Three Resources Your Autistic Child Will Find Helpful
Did you know that autism diagnoses have been on the rise in the last few decades? Several years ago, the disorder was found in a smaller percentage of the population, but now, about 1 in 50 children in the U.S. have a form of autism.
Autism is spectrum disorder that involves a number of sensory, neurodevelopmental problems, in which verbal communication can sometimes be severely impaired. This makes schooling difficult for many children, and they often enter special education programs, attend schools for children with autism, and enroll in inclusion classroom to get the best education possible.
Here some resources for children with autism that can be helpful.
- Assistive Technology. Whether they are at home or at a special needs school, autistic children often benefit from assistive technology. These devices can often become a voice for children who are non-verbal — students can type out their answers to questions, or ask questions using particular programs. This helps children feel confident in their ability to communicate.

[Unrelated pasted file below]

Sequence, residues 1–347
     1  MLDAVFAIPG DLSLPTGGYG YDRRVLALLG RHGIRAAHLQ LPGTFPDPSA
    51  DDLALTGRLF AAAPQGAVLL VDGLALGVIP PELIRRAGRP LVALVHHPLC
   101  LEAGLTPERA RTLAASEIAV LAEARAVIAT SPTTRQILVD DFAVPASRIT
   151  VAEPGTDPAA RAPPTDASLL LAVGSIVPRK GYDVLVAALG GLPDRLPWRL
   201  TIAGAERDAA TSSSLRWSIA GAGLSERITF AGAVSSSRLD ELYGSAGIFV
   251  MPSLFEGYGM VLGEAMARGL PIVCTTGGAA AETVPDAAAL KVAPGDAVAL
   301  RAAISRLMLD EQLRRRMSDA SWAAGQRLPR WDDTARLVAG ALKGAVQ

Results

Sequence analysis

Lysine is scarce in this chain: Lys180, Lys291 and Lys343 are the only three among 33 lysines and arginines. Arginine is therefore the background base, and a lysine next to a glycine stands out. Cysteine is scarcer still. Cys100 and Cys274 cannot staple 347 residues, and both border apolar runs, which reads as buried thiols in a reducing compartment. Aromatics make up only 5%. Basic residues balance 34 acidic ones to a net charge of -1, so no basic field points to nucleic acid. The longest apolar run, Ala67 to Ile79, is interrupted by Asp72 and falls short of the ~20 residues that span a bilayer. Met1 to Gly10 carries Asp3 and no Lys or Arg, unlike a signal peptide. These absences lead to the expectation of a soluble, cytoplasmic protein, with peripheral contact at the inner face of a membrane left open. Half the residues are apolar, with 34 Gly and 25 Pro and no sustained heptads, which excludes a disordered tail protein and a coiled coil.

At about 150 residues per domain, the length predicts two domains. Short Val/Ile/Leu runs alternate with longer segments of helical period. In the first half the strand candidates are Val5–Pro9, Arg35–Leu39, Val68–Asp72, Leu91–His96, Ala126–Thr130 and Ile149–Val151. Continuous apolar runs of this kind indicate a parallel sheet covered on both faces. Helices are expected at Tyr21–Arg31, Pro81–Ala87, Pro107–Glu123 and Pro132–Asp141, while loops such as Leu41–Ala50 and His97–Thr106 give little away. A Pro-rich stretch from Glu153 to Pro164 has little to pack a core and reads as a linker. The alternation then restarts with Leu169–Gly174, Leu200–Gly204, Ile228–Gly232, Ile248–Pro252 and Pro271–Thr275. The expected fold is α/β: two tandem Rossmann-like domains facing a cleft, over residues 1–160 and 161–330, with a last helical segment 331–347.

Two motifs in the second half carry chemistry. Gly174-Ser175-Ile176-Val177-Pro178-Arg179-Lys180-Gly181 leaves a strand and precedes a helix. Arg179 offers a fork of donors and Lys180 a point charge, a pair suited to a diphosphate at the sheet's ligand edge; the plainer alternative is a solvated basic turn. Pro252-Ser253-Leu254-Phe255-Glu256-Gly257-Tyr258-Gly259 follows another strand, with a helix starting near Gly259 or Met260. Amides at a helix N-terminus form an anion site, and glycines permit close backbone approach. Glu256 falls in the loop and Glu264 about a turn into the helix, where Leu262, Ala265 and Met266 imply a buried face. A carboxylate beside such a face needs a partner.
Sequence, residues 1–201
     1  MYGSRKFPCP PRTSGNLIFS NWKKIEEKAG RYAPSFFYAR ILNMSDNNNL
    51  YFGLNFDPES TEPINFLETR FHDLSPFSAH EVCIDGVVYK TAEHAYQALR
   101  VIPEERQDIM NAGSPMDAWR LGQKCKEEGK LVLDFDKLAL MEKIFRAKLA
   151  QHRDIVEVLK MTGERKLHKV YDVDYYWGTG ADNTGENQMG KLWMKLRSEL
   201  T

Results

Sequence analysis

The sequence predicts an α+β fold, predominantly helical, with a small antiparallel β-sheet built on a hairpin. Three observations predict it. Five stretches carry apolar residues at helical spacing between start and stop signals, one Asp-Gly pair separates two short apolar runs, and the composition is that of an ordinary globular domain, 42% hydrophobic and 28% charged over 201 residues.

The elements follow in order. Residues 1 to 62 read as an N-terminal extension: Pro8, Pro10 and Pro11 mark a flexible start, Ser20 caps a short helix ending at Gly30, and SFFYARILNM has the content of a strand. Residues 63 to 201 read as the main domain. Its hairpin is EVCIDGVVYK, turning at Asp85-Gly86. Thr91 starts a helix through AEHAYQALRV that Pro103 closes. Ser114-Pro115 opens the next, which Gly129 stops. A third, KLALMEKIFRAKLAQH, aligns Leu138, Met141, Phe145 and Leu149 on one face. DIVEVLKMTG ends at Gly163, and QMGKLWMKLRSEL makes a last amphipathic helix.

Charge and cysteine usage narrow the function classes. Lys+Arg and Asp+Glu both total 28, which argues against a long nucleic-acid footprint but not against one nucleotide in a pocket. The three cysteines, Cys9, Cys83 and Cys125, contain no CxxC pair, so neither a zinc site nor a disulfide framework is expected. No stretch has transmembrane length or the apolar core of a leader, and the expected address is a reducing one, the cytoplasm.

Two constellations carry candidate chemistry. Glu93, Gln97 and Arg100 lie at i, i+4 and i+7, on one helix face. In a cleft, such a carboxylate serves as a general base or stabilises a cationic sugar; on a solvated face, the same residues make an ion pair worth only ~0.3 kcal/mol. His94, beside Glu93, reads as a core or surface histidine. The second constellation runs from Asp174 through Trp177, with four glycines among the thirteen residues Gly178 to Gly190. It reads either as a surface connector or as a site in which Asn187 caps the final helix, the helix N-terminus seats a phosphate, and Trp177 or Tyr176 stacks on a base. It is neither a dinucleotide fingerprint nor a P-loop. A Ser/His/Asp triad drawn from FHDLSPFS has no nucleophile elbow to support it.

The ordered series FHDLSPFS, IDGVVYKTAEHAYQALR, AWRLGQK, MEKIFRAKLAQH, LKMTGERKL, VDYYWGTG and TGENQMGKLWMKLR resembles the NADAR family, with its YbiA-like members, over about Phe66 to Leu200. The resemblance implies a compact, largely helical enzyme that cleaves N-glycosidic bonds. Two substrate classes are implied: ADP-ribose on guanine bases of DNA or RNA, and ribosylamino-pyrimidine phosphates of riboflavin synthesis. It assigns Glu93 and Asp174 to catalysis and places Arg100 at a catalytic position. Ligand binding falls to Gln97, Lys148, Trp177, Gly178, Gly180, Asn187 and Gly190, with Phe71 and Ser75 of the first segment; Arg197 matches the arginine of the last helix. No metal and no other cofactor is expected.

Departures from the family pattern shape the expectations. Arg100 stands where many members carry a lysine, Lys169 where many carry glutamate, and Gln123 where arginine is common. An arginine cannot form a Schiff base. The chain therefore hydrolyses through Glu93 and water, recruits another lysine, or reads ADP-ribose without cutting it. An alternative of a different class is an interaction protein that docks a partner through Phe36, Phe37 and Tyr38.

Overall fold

- Aide. In special needs schools and inclusion programs, there are often aides and paraprofessionals who come in to help students throughout the day. These aides can help prep a student with transitions from one subject to another, and remain with the child throughout the day for assistance. They can be especially helpful in keeping a student calm during an emotional outburst or difficulty handling a social situation.
- PT and OT. Considered “pull-out” services, physical therapy (PT) and occupational therapy (OT) are often offered to students with autism. Students are taken to a designated space or room where they can work on different physical activities that help sooth their sensory needs. This can be critical to keeping their nerves calm, and staying relaxed throughout the day.
There are many resources for children with autism that have proven effective in schools, and also at home. With the help of these services and technologies, autistic children can have the right supports to feel successful in an academic setting.